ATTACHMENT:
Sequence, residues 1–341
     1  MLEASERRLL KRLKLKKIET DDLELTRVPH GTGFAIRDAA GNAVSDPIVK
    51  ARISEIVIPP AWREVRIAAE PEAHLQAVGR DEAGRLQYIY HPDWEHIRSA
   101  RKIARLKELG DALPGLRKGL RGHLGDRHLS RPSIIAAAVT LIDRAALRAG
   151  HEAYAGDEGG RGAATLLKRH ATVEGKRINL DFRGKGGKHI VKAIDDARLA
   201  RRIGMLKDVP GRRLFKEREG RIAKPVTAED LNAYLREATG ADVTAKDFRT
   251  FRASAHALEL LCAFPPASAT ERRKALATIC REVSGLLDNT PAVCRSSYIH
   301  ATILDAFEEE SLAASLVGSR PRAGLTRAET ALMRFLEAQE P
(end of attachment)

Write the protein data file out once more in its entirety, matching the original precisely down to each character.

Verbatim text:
Sequence, residues 1–341
     1  MLEASERRLL KRLKLKKIET DDLELTRVPH GTGFAIRDAA GNAVSDPIVK
    51  ARISEIVIPP AWREVRIAAE PEAHLQAVGR DEAGRLQYIY HPDWEHIRSA
   101  RKIARLKELG DALPGLRKGL RGHLGDRHLS RPSIIAAAVT LIDRAALRAG
   151  HEAYAGDEGG RGAATLLKRH ATVEGKRINL DFRGKGGKHI VKAIDDARLA
   201  RRIGMLKDVP GRRLFKEREG RIAKPVTAED LNAYLREATG ADVTAKDFRT
   251  FRASAHALEL LCAFPPASAT ERRKALATIC REVSGLLDNT PAVCRSSYIH
   301  ATILDAFEEE SLAASLVGSR PRAGLTRAET ALMRFLEAQE P